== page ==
Communication, Graduate & Professional Studies

Pause to reflect: A Q&A with Felicia Mabuza-Suttle

Healing Conversations

Felicia Mabuza-Suttle, Jour ’77, Grad ’78
Broadcaster, author and entrepreneur

Born and raised in South Africa during apartheid, Mabuza-Suttle came to the United States on a student exchange program. After she earned bachelor’s and master’s degrees at Marquette, her broadcast career took her back home to create a trailblazing national talk show, The Felicia Show, which aired from 1992 to 2005 on two different networks – the South African Broadcasting Corporation (SABC) and later eTV.

Since 2005, she has helped U.S. audiences better understand Africa through such programs as Conversations with Felicia on the Africa Channel.

— interviewed by Mary Schmitt Boyer, Jour ’77

In the ’90s, you hosted the first talk show that brought black and white South Africans together to discuss issues that were never discussed during apartheid. What was most challenging about leading that conversation and integrating South African TV?

In 1991, Nelson Mandela made a clarion call to South Africans living abroad to come back home to help rebuild a new democracy. In October 1992, I went back to South Africa to start the first audience talk show, with the aim of bringing Black and white, young and old, together after 40 years of apartheid that divided us and instilled fear among the races.

We tackled every topic that we never could have talked about during apartheid. The most challenging thing was bringing the races together and teaching the studio audience how to interact on camera and tell their stories succinctly. As Africans, we are storytellers. While American talk show audiences mostly serve as a backdrop, South Africans want to share their stories. We had to get the audience involved. We conducted what we would call an indaba, a gathering of minds.

What was most fulfilling?

 The optics — seeing Black and white South Africans together, speaking with each other, rather than at each other as they did during apartheid. We were now speaking on equal footing.

What was it like to interview Nelson Mandela?

My favorite interview with Nelson Mandela was the one with a studio filled with children who came to talk to him. He loved children and they asked him many questions related to his presidency, with one child even proclaiming, “Nelson Mandela is the president of the world.” Mandela’s mission was all about reconciliation.  So, every interview with him was aimed at striving to heal our nation.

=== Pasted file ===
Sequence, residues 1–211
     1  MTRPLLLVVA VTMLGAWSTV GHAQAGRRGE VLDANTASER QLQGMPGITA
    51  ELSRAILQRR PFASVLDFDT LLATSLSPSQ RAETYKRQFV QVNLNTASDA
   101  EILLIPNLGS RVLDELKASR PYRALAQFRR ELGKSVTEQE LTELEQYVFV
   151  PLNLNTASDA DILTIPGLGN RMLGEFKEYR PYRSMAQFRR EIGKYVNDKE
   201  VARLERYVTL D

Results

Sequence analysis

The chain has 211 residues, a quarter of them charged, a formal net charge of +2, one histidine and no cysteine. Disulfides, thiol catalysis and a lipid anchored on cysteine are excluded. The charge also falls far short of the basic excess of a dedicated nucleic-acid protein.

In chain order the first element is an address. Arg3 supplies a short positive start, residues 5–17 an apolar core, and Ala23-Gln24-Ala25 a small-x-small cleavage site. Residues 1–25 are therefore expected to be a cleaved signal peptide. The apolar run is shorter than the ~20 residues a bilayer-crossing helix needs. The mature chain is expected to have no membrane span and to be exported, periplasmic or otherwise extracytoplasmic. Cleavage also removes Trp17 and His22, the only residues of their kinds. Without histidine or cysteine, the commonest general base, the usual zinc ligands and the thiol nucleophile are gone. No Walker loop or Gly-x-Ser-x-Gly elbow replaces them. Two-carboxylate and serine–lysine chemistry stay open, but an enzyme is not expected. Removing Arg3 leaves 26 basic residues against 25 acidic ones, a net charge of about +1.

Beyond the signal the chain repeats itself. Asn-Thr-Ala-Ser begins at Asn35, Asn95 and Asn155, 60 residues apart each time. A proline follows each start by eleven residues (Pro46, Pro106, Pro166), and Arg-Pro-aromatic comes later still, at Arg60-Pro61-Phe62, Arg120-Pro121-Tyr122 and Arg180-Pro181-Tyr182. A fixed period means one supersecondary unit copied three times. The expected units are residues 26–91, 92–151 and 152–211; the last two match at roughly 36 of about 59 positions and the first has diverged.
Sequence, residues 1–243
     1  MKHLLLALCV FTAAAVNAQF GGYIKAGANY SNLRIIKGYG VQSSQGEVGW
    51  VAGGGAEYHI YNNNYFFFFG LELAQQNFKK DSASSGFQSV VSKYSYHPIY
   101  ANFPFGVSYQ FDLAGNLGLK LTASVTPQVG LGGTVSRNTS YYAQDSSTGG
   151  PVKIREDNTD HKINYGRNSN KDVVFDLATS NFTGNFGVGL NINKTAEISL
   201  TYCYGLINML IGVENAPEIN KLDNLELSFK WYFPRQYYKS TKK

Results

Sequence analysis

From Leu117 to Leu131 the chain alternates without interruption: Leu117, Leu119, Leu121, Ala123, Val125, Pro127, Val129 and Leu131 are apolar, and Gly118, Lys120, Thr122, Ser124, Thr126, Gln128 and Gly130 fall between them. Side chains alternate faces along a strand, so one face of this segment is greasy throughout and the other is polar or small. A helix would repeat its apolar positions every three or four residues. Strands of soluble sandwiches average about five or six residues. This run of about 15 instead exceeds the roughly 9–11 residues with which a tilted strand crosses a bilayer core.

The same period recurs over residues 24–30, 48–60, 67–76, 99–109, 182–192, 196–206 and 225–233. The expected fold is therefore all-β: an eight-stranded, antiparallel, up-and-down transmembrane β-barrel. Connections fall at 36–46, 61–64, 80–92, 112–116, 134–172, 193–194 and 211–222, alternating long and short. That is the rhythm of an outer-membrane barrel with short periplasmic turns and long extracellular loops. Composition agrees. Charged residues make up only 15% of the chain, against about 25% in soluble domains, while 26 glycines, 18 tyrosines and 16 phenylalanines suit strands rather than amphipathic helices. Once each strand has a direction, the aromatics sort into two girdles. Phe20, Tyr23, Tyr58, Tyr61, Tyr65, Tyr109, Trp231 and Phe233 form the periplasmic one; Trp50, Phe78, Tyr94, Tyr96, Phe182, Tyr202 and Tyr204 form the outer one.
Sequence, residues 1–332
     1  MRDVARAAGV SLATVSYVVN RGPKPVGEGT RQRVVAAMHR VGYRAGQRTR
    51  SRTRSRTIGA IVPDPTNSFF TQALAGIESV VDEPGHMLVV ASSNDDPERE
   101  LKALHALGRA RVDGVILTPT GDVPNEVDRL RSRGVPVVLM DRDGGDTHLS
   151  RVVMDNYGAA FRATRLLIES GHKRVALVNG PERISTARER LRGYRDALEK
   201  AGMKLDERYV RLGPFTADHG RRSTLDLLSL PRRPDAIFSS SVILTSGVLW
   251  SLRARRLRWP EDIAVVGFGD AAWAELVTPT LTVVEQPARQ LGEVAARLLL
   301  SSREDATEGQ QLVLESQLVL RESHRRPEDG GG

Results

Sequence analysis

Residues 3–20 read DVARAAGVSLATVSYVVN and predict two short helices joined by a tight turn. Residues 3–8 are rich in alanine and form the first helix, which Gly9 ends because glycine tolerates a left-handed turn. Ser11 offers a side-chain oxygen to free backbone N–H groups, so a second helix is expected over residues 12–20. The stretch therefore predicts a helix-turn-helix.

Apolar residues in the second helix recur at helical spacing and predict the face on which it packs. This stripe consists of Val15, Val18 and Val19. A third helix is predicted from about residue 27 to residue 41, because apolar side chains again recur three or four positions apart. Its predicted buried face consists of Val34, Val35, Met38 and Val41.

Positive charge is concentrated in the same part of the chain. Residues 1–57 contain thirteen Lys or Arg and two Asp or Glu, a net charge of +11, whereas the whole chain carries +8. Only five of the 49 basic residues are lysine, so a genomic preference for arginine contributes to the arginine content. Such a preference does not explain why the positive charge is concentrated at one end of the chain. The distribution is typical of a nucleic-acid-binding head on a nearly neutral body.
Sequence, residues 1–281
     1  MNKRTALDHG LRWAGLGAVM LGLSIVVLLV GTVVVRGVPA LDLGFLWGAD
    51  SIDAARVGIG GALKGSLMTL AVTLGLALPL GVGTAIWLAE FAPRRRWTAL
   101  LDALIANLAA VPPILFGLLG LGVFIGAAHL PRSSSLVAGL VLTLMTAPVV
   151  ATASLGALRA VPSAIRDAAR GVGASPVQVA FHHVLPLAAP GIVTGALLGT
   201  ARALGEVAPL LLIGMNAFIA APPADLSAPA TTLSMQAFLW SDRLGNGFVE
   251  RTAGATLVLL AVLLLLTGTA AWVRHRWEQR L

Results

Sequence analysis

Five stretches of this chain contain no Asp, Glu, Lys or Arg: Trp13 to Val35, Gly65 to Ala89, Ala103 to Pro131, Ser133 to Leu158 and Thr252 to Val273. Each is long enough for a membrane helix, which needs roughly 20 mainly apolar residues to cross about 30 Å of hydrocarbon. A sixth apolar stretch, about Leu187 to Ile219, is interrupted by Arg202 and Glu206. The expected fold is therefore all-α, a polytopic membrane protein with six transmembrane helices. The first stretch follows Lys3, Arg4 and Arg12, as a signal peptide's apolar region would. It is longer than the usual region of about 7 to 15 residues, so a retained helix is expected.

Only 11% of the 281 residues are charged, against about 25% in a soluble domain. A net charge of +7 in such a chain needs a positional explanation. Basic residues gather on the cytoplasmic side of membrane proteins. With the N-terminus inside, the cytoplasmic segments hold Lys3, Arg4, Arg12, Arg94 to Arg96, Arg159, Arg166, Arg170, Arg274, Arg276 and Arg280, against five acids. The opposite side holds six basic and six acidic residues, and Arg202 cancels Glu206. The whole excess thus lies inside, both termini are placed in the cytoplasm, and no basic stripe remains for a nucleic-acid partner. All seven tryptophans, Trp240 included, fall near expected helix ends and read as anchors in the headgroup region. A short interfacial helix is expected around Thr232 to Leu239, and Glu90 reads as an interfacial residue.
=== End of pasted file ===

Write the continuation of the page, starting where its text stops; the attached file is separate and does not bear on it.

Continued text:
At Marquette, you encountered naive misperceptions about your home country and responded by educating Americans about the richness of African culture and people.  What did you learn from those experiences that you applied later in your career

As a foreign student in the U.S., I found that Americans in general had naïve perceptions about Africa. The stereotypical images in Tarzan movies did not help. I realized that these negative perceptions were also prevalent on campus and alienated us.

Sadly, these perceptions resulted in many Black American students not wanting to associate with African students. White students, while more accepting of African students, also seemed to believe these media images, asking us where we bought the fashionable clothes we were wearing.  They would ask if we lived in houses and if animals roamed the streets.

I set out to use my degrees in journalism and broadcasting to educate Americans at Marquette, and later used all my platforms in the corporate and media worlds to change negatives perceptions about South Africa in America. In the U.S., I hosted a talk show on the Africa Channel primarily aimed at changing perceptions about Africa.

Do you have a favorite Marquette memory?

The one I am most proud of is me serving as an adjunct lecturer at Marquette. Yes, this little girl from the dusty streets of Soweto, in apartheid South Africa, stood in front of mostly white students in America and lectured them. The other was approaching (then Marquette President) Father John Raynor, S.J., to start a scholarship program for South African students, which was implemented in the 1980s. A number of students went through the program and are doing well, making their mark in South Africa as executives, entrepreneurs and leaders.

 Who would you like to interview next?

I have interviewed and met many people I admire and revere. I have passed the baton to the new younger generation. I am now on what I call “preferment,” doing only what I prefer to do to impact the lives of others. I am working on two books, including a kids’ book. I still do a lot of interviews and address conferences. I use social media as a platform to inspire, inform, comfort, celebrate, educate and entertain. It is an extension of my show. I urge young people to use social media responsibly.

What’s your message to students preparing for work in this changing media world?

In the words of Nelson Mandela, “Education is the most powerful weapon which you can use to change the world.”  Pursue it with passion.  Find your purpose.